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Re: bus error IRQ

To: "William J. Earl" <wje@fir.engr.sgi.com>
Subject: Re: bus error IRQ
From: ralf@uni-koblenz.de
Date: Thu, 20 Aug 1998 02:13:22 +0200
Cc: Ulf Carlsson <grim@zigzegv.ml.org>, linux@cthulhu.engr.sgi.com
In-reply-to: <199808190231.TAA27036@fir.engr.sgi.com>; from William J. Earl on Tue, Aug 18, 1998 at 07:31:05PM -0700
References: <199808171845.UAA29545@calypso.saturn> <19980818021316.J3345@uni-koblenz.de> <199808190231.TAA27036@fir.engr.sgi.com>
Sender: owner-linux@cthulhu.engr.sgi.com
On Tue, Aug 18, 1998 at 07:31:05PM -0700, William J. Earl wrote:

> ralf@uni-koblenz.de writes:
> ...
>  > The bad thing with a bus error is that it may be delayed for a very long
>  > time thus resulting in a useless program counter.  What happens is that
>  > the CPU writes to some invalid address but the write access over the
>  > system bus is delayed because the writeback cache policy is being used.
>  > Later, maybe even much later, when the cacheline gets written back to
>  > memory for some reason the system board signals a bus error interrupt.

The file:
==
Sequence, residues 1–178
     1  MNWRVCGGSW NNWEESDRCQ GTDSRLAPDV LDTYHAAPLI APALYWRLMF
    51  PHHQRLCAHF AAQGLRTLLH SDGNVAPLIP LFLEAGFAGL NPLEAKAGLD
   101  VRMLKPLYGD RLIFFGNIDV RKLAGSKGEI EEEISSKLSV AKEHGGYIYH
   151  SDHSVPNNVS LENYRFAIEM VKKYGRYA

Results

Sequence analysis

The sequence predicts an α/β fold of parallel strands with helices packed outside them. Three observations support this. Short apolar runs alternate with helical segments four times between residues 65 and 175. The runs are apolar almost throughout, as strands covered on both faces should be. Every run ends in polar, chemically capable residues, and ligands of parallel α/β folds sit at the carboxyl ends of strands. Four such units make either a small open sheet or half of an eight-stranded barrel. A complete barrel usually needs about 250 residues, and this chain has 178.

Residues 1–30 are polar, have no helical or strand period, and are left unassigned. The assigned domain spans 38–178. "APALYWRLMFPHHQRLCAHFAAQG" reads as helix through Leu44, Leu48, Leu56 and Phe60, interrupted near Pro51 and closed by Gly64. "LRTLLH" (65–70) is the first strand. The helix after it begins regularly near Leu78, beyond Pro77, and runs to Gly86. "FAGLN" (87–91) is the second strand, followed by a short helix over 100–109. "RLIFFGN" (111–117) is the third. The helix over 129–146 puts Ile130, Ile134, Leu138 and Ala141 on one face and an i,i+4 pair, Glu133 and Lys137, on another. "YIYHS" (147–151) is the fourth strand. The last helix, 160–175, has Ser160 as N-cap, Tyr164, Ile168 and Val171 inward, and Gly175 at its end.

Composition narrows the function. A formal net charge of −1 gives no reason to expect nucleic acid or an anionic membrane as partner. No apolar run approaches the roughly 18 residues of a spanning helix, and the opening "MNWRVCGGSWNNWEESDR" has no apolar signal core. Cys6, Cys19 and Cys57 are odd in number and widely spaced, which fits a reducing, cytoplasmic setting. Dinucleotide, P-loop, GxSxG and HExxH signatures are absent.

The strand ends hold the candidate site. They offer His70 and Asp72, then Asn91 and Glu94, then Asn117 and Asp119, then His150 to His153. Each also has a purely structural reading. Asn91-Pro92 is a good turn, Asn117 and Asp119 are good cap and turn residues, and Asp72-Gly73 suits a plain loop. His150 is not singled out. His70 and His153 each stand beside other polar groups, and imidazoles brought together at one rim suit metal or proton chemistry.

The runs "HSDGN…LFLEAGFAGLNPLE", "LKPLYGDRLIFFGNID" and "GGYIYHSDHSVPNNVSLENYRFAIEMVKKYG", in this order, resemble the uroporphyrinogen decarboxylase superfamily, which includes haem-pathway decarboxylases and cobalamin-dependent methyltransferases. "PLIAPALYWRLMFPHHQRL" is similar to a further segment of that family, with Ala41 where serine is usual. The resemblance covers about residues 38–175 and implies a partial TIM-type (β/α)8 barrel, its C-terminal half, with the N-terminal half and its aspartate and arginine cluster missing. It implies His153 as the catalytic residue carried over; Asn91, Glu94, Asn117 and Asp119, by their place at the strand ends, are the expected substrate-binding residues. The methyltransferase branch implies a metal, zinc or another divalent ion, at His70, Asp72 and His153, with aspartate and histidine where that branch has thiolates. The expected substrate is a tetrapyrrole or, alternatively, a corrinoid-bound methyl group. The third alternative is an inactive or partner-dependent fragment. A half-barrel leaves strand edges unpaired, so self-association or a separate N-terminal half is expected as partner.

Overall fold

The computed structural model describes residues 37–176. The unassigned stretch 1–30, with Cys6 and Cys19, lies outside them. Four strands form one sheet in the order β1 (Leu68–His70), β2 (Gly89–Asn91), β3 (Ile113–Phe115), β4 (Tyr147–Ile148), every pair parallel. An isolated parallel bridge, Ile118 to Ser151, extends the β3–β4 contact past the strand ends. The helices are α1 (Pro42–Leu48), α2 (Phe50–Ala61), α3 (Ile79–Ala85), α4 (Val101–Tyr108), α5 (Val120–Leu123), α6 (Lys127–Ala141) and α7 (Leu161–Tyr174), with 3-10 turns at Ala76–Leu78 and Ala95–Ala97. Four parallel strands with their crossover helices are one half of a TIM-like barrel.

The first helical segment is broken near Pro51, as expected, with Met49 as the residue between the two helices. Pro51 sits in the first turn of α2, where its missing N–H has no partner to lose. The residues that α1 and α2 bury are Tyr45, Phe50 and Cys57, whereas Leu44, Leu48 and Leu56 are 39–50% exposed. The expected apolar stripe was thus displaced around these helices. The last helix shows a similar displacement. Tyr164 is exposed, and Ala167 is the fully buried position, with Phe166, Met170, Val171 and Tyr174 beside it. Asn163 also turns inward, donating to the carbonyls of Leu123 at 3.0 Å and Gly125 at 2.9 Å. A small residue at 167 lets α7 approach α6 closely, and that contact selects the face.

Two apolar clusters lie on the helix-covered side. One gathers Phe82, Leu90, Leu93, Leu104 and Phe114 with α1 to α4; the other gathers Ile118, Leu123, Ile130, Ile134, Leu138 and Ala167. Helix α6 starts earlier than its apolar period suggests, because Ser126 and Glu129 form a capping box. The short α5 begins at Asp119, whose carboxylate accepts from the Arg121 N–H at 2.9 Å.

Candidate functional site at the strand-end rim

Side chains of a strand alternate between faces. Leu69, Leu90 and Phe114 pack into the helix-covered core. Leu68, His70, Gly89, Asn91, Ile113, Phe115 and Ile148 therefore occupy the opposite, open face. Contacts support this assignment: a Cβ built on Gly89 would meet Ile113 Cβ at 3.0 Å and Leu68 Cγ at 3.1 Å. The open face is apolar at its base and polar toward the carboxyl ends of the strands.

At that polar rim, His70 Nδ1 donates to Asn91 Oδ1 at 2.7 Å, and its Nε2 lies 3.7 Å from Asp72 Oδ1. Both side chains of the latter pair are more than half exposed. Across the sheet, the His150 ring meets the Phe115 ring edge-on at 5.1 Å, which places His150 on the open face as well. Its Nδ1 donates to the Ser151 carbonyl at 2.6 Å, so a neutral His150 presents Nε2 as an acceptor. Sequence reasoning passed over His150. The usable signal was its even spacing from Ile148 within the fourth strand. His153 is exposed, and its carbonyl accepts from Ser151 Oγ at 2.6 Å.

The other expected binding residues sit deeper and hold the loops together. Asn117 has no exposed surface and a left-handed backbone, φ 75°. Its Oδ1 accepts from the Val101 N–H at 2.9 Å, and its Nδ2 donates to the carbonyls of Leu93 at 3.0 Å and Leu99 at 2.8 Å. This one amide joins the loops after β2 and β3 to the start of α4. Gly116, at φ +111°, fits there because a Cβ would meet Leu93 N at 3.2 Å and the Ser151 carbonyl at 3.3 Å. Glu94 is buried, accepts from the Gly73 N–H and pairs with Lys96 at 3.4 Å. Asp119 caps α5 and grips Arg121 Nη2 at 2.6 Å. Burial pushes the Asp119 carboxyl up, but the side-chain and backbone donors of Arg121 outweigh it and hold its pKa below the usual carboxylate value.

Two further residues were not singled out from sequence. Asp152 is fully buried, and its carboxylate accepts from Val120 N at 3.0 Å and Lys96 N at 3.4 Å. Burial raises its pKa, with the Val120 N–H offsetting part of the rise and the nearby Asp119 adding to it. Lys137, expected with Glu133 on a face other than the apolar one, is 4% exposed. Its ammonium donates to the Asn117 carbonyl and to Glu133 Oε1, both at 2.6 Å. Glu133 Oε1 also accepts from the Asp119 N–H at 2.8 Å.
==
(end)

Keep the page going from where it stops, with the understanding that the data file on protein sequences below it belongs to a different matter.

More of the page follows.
>  > At this point the program counter may already be completly useless.
> ...
> 
>      You cannot get a delayed bus error on a cached write, unless
> you do a "create dirty exclusive" cache operation to validate the line
> before writing.

Linux uses Create_Dirty_Excl_D as optimization where possible, so the
probability for this to happen is relativly high.  Linux however should
never use Create_Dirty_Excl_D or Create_Dirty_Excl_SD on R4[04]00SC
CPUs, have to verify this.

>                  You can get delayed bus errors on uncached writes,
> as to device control registers.  Since any K1SEG address is uncached,
> it is not too hard to generate a bus error with a bad pointer value.

  Ralf

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